The impact of UAE on conception and obstetric complications remains controversial. Various studies were performed to assess whether UAE should be recommended for women in childbearing age with extensive fibroids or it should be dedicated only to patients without further maternity plans. Complications of pregnancy after UAE, such as increased rate of miscarriage, preterm delivery, intra-uterine growth restriction, malpresentation, abnormal placentation, and post-partum haemorrhage were enlisted in the study by Holub et al. [9]. According to Goldberg and Pereira, pregnancies following uterine artery embolisation had higher rates of preterm delivery (OR 6.2, 95% CI: 1.4-27.7) and malpresentation (OR 4.3, 95% CI: 1.0-20.5) than pregnancies following laparoscopic myomectomy [10]. Conversely, Homer and Saridogan found similar rates of preterm delivery (14% vs. 16%; OR 0.9; 95% CI: 0.5-1.5), IUGR (7.3% vs. 11.7%; OR 0.6; 95% CI: 0.3-1.3), and malpresentation (10.4% vs. 13%; OR 0.8; 95% CI: 0.4-1.5) in UAE pregnancies and in control pregnancies with fibroids [11]. However, the authors confirmed the increased risk of miscarriage, caesarean section, and post-partum haemorrhage in pregnancies after UAE [11].
Some authors strongly support the idea of performing UAE in patients seeking future fertility. McLucas et al. claim that the abovementioned pregnancy complications are associated with fibroids in general, and since UAE does not diminish fibroids totally, fertility outcomes may be less favourable than those after myomectomy [12]. These authors also showed high pregnancy rates after UAE (up to 48%) [13]. Mohan et al. [14] analysed 21 studies that reported pregnancy outcomes or complications of pregnancy following UAE for fibroid tumours. The cumulative pregnancy rate and miscarriage rate following UAE for fibroid tumours from the pooled analysis were 58.6% and 28%, respectively. The mean age of women was 35.9 years. The cumulative live birth rate was 65.2%, with a term delivery rate of 60.7%. The mean pre-term delivery and placental abnormality rates were 7.3% and 6.3%, respectively [14]. The authors suggested that pregnancy rates following UAE are comparable to age-adjusted rates in the general population [14]. Such findings definitely prove that pregnancy after UAE is possible and is not uncommon. However, it should be stressed that in patients with fibroids fertility problems are caused mainly by the presence of the tumours and not only by the intervention itself. Comparing the results obtained in different populations does not allow us to draw meaningful conclusions because the initial fibroid volume and location could have been different and might have influenced the final reproductive outcome. Therefore, randomised studies directly comparing various treatment options for fibroids are necessary, to be able to choose the best treatment option when considering future fertility. Currently, only one randomised study comparing fertility outcomes of UAE with laparoscopic myomectomy is available [15]. Twenty-six patients after UAE and 40 after myomectomy tried to conceive, with a pregnancy rate of 50% vs. 78% (p < 0.05) and miscarriage rate of 53% vs. 19% (p < 0.05) for UAE and myomectomy, respectively. The authors concluded that myomectomy had superior reproductive outcomes in comparison to UAE [15]. Unfortunately, the study had some limitations, such as small sample size, short duration of follow-up, and high rate of re-intervention in the UAE group. Finally, a recent Cochrane Database review addressed the issue of UAE and fertility. The review revealed that there is some indication that UAE may be associated with less favourable fertility outcomes than myomectomy (live birth: OR 0.26; 95% CI: 0.08-0.84; pregnancy: OR 0.29; 95% CI: 0.10-0.85), but these data should be regarded with extreme caution [16].
Another issue raised by the enthusiasts of performing UAE in patients planning future pregnancies is the risk of fibroid recurrence after myomectomy. It has been found that in younger patients after myomectomy the risk of repeat surgery due to fibroid recurrence may be as high as 44% [17]. That is why it is advised to conceive within six months after myomectomy, because during this time fibroids are less likely to recur. It has been suggested that after UAE patients do not have to limit their reproductive plans to the six-month time window after the procedure, which may be beneficial for younger patients who do not wish to conceive immediately after treatment [12]. On the other hand, long-term observations show that after UAE over a quarter of patients will also require further surgical interventions [18].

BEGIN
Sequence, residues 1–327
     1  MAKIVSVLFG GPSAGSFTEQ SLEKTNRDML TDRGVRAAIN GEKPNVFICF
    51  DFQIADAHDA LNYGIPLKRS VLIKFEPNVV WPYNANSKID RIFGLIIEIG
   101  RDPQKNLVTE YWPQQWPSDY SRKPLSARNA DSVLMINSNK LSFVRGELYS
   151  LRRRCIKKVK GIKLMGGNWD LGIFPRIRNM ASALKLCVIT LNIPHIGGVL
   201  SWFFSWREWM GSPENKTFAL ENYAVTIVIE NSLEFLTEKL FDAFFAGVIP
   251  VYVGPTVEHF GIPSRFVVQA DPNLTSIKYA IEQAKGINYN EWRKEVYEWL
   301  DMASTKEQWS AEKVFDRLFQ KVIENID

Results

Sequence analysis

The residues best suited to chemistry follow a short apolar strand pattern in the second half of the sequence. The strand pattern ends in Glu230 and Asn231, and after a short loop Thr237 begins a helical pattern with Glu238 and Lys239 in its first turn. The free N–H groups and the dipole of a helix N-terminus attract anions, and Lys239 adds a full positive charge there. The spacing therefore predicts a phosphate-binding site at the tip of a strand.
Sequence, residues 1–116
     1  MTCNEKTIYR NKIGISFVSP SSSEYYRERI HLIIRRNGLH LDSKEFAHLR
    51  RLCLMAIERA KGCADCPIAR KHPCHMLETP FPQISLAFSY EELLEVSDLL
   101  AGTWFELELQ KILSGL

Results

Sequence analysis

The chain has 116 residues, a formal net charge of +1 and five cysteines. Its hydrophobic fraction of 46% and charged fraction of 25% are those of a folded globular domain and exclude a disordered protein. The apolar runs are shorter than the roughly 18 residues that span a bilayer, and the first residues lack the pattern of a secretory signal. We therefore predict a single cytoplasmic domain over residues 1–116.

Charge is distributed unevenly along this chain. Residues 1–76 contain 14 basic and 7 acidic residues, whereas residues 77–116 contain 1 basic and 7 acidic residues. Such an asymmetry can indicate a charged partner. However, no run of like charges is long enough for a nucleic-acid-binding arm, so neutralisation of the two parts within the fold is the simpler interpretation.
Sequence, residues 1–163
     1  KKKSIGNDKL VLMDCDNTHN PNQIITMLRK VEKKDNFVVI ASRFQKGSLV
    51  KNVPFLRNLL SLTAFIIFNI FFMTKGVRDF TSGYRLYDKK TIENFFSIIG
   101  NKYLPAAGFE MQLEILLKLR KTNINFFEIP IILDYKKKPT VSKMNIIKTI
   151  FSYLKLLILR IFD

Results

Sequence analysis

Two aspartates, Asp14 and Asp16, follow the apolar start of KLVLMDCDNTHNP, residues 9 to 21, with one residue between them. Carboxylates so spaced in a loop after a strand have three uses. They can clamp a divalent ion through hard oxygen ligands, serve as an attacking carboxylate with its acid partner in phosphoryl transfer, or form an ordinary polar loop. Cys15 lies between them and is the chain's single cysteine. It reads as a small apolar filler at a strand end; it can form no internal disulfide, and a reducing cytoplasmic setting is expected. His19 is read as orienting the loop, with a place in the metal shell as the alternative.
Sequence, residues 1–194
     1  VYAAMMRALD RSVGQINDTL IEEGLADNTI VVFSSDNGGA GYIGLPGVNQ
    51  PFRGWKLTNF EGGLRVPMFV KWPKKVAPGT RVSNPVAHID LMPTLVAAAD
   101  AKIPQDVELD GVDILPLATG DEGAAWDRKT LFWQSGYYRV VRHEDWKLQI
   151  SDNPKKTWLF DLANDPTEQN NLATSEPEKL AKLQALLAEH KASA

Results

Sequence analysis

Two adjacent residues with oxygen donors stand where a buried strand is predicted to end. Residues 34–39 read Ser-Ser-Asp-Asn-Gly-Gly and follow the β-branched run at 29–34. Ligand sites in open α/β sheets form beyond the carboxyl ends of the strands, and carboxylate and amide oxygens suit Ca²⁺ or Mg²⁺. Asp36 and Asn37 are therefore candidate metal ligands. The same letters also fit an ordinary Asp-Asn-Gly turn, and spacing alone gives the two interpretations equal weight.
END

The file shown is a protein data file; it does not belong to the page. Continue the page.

UAE has also been offered to patients wishing to conceive, who did not qualify for a myomectomy. In 2014 Torre et al. conducted a very interesting study, in which 31 women who had extensive symptomatic fibroids and were not eligible for surgery were prospectively followed-up after UAE and were actively trying to conceive. In the whole group only one pregnancy occurred, and it ended in a miscarriage. The authors concluded that UAE should not be performed in young women of childbearing age with extensive fibroids [19]. Additionally, the authors reviewed the literature from 1998 to 2013, identifying 738 women expressly wishing to conceive at the time of UAE. Fertility, miscarriage, and take-home baby rates of 36.3, 29.7, and 19.6%, respectively, were calculated [19]. The results of the study mentioned above are worse than those already reported in women wishing to conceive after UAE.

Uterine artery embolisation and ovarian reserve

Ovarian reserve (OR) is a measure of individual reproductive potential, understood as the number and quality of remaining oocytes. OR is used mainly to predict the response to ovarian stimulation. Decreased OR is sometimes referred to as primary ovarian insufficiency and has to be distinguished from menopause and premature ovarian failure [20]. It is believed that decreased OR results in poor ovarian response (decreased number of follicles, decreased number of embryos, and increased cancelation rates) as well as in reduced fecundability. However, it should be stressed that currently there is no uniformly accepted definition of decreased OR [21]. Biochemical and ultrasound tests allow an indirect assessment of OR. The biochemical tests include follicle-stimulating hormone (FSH), estradiol, inhibin B, and antimϋllerian hormone (AMH) and the clomiphene citrate challenge test. The antral follicle count (AFC) and ovarian volume are the ultrasound tests that are used to assess OR. According to current guidelines, FSH is the most commonly used screening test for decreased OR, but AFC and AMH are the most promising predictors [21].